History of CSA

Today, Community Supported Agriculture is somewhat of a household term in the Upper Midwest and in many other communities throughout the United States. However, this innovative partnership between consumers and producers is a relatively recent development. The growth of the movement and its wide adoption are astounding and inspiring.

Dennis Fiser of Regenerative Roots

Community Supported Agriculture was founded on the concept of knowing your farmer. This is one of our farmers, Dennis Fiser of Regenerative Roots.

Community Supported Agriculture was developed around the concept of knowing your farmer.

The concept of CSA harks back to a time when people knew where their food came from, ate in harmony with their local seasons, and enjoyed a balanced, nutritional diet of basic, natural foods.

Community Supported Agriculture as we know it began in the early 1960’s in Germany, Switzerland, and Japan as a response to concerns about food safety and the urbanization of agricultural land (sound familiar!?). Groups of consumers and farmers in Europe formed cooperative partnerships to support farms and farming by paying the full costs of ecologically sound, socially equitable agriculture.

In 1965, mothers in Japan concerned about the rise of imported food and the loss of arable land started the first CSA projects, called “Teikei.” The Teikei movement in Japan is alive and well, along with its sister movement of cooperative networks. The largest cooperative network in Japan is called the Seikatsu Club and is made up of 600 producer-consumer groups that supply food to more than 22 million people. While Seikatsu is distinct from CSA and Teikei, all three speak of “seeing the farmer’s face on their vegetables” and shortening the supply chain to support local farmers, prioritizing environmental stewardship, and maintaining control of their local food system.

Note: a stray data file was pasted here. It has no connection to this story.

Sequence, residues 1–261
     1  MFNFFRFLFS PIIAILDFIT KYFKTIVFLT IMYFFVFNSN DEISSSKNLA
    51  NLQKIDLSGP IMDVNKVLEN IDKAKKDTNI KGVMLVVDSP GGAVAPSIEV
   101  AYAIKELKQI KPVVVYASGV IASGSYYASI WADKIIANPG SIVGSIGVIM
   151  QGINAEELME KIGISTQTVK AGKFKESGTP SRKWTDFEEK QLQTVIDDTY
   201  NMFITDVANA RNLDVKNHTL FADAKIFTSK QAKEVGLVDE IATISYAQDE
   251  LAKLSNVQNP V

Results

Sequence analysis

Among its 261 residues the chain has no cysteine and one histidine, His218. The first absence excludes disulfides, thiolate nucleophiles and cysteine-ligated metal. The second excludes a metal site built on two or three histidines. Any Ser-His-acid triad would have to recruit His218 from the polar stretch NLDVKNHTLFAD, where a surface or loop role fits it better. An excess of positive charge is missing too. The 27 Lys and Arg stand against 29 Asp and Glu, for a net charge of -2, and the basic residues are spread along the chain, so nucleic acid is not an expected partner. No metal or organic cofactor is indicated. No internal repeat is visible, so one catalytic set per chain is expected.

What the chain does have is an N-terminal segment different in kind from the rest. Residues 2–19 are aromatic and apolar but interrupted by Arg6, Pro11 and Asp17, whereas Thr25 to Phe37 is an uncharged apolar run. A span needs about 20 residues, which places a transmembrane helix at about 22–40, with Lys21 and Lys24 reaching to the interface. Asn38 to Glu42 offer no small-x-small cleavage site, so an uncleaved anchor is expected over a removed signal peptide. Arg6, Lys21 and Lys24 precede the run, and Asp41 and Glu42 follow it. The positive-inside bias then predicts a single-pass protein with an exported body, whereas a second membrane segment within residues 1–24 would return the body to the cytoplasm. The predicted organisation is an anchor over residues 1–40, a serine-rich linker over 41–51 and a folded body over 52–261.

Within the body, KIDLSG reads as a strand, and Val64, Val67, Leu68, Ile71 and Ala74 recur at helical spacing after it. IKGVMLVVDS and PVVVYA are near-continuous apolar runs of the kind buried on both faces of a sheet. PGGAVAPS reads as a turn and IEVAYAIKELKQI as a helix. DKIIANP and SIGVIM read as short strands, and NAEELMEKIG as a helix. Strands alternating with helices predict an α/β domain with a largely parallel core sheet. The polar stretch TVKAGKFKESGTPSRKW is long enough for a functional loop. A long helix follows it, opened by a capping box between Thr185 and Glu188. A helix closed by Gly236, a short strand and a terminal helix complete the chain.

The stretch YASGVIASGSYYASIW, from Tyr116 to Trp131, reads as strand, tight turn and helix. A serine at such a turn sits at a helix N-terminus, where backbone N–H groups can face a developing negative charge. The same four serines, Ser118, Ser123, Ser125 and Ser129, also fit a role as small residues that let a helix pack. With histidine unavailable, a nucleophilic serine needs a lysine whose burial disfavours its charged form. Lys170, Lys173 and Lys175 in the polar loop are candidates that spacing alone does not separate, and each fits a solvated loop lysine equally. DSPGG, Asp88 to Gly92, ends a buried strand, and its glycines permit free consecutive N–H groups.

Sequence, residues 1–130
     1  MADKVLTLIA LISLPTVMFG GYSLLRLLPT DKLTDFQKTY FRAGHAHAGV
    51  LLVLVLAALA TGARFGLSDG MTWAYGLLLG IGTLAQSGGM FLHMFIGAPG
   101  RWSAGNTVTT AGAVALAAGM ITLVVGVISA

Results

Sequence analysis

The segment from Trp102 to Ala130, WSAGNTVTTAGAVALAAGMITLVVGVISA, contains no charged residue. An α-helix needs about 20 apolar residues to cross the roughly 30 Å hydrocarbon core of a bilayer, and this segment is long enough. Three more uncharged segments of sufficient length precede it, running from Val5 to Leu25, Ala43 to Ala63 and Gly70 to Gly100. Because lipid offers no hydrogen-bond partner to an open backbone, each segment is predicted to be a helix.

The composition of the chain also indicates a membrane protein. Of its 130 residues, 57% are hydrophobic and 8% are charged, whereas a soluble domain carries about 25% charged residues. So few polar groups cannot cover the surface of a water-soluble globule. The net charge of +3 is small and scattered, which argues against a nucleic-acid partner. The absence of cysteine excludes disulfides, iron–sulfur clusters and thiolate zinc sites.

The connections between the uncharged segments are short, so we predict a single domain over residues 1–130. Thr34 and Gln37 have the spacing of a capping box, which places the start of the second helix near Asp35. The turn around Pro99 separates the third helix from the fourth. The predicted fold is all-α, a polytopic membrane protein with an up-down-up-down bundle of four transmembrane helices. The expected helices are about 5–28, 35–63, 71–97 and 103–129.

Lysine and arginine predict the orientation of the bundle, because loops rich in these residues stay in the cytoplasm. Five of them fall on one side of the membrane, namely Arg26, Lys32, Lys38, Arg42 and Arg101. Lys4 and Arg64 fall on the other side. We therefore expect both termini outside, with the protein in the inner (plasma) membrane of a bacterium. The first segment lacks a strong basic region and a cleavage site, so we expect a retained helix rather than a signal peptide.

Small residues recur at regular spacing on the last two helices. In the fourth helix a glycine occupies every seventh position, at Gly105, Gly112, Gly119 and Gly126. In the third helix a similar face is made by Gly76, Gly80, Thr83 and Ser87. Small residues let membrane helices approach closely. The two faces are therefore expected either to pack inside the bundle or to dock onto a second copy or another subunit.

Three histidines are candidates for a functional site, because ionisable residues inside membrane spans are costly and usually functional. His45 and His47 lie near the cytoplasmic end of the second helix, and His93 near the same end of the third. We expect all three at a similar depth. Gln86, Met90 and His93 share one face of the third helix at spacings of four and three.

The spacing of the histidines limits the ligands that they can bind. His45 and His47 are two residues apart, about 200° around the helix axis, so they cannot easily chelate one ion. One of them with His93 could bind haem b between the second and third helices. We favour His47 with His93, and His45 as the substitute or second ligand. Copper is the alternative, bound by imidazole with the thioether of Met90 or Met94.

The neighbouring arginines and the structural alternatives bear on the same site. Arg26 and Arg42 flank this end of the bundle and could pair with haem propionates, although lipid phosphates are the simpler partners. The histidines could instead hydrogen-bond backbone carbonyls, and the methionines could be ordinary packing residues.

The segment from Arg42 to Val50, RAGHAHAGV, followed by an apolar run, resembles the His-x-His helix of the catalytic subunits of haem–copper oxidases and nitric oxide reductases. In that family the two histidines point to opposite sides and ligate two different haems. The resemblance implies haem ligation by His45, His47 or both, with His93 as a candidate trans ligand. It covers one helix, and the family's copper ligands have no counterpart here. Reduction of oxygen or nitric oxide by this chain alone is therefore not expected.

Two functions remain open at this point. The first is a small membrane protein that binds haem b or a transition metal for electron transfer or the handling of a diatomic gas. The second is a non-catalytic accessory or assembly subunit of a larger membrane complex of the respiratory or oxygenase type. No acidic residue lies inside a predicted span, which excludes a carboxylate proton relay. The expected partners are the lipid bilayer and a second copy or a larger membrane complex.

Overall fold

CSA began in the United States on two east coast farms in 1986. Since that time, CSA farms have been organized throughout the country with over 12,500 community supported farms serving farm fresh food in every state.

The Midwest, and the Madison area in particular, have proven to be fertile ground for CSA farms and communities. In Wisconsin, the first CSA projects began near Milwaukee and the Twin Cities in 1988. In 1996, more than 65 Wisconsin CSA farms grew food for an estimated 3,000 households. The first Madison area farms began in 1992 and by 1996 more than 4,000 area residents were CSA participants. Today, more than 25,000 area residents eat fresh food from their FairShare farm every week during the growing season.

FairShare CSA Coalition

FairShare CSA Coalition